We’re a people formed by tradition. ‘Traditio’ from the Latin, means ‘I hand on…‘
From time to time, every community goes through a phase of thinking, “this is it; this is ‘us'; we define this place.” But it isn’t so. A wise elderly Canon once said of his future grave in the North Quire Aisle of an historic chapel that when his time came he planned to have a large question mark engraved on the stone. And the word “Who.” That, he noted, is what tourists said when they stopped to look at the graves of those who’d gone before: “who?!” People come and go.
St Paul’s is a community in constant flux. In central London we’re used to losing up to 1/3rd of our congregation every year because of the churn rate. And clergy and lay officers come and go too. The current Vicar is the twelfth since the church’s foundation in 1843, and during that time there have been generations of churchwardens, to say nothing of the hundreds of thousands of faithful souls who have passed through the church’s doors.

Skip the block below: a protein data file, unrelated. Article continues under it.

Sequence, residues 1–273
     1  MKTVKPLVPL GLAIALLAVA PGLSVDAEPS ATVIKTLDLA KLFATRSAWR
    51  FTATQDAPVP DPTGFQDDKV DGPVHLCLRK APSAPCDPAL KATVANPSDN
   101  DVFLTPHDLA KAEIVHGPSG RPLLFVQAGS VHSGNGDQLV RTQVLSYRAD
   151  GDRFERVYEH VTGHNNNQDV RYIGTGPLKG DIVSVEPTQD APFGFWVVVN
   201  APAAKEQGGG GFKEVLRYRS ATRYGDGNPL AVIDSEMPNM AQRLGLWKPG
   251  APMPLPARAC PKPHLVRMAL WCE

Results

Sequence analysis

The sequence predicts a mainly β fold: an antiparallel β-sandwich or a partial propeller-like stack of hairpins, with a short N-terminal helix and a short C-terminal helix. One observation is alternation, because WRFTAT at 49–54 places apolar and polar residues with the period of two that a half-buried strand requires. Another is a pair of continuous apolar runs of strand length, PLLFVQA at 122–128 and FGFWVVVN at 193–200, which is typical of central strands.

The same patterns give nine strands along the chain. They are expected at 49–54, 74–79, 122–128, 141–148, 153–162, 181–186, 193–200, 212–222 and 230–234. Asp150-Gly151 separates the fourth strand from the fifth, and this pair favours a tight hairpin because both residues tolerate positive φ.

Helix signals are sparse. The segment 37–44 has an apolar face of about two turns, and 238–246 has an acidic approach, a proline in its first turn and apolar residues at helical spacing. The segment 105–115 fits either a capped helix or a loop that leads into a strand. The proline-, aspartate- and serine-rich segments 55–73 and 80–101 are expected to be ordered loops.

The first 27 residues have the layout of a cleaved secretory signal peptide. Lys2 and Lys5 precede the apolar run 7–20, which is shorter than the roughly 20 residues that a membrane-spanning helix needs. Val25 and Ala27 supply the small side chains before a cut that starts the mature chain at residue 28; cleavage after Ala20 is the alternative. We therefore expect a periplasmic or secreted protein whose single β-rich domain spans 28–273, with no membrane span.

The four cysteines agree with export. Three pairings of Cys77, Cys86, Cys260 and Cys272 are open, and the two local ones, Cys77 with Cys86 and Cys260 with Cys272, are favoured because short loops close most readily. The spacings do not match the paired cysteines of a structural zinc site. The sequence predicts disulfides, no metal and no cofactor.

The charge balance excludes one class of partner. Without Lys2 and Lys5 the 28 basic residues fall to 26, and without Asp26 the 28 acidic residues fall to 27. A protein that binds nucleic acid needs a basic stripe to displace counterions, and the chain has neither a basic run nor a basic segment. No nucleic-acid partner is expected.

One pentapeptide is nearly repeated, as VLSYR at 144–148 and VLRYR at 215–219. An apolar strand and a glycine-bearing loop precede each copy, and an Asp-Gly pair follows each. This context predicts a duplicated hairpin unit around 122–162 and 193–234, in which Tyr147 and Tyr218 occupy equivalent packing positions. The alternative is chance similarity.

What is constant though is the faithful handing on of a cherished tradition, re-shaped, of course, by every generation. And the faithfulness of God, even in a changing world. We know that those who first came to St Paul’s in the 1840s would applaud much of what they’d experience in the present age, even if some of our modern ways would leave them perplexed! It would be true if we could travel back to their day.
A community is hard to define for all sorts of reasons, not least because it is always changing. The best way to find out who we are is to come along and to worship with us. Experience what we have received. Notice what we are doing with it. Even better, come along and – sensing what the inheritance of the place is – shape it yourself.
You will be welcome.